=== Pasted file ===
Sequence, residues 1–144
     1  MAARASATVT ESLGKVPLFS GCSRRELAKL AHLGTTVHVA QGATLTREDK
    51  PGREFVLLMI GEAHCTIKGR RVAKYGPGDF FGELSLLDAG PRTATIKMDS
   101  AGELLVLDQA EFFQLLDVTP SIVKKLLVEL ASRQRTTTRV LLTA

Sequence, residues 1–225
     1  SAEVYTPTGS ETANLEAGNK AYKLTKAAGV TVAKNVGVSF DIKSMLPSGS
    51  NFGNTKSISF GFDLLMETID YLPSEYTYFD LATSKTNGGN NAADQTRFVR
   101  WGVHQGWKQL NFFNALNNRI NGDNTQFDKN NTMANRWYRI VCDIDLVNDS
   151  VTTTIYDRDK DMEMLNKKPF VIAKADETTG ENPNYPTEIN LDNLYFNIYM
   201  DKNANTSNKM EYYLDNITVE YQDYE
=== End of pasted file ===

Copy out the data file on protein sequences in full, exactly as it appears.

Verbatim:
Sequence, residues 1–144
     1  MAARASATVT ESLGKVPLFS GCSRRELAKL AHLGTTVHVA QGATLTREDK
    51  PGREFVLLMI GEAHCTIKGR RVAKYGPGDF FGELSLLDAG PRTATIKMDS
   101  AGELLVLDQA EFFQLLDVTP SIVKKLLVEL ASRQRTTTRV LLTA

Sequence, residues 1–225
     1  SAEVYTPTGS ETANLEAGNK AYKLTKAAGV TVAKNVGVSF DIKSMLPSGS
    51  NFGNTKSISF GFDLLMETID YLPSEYTYFD LATSKTNGGN NAADQTRFVR
   101  WGVHQGWKQL NFFNALNNRI NGDNTQFDKN NTMANRWYRI VCDIDLVNDS
   151  VTTTIYDRDK DMEMLNKKPF VIAKADETTG ENPNYPTEIN LDNLYFNIYM
   201  DKNANTSNKM EYYLDNITVE YQDYE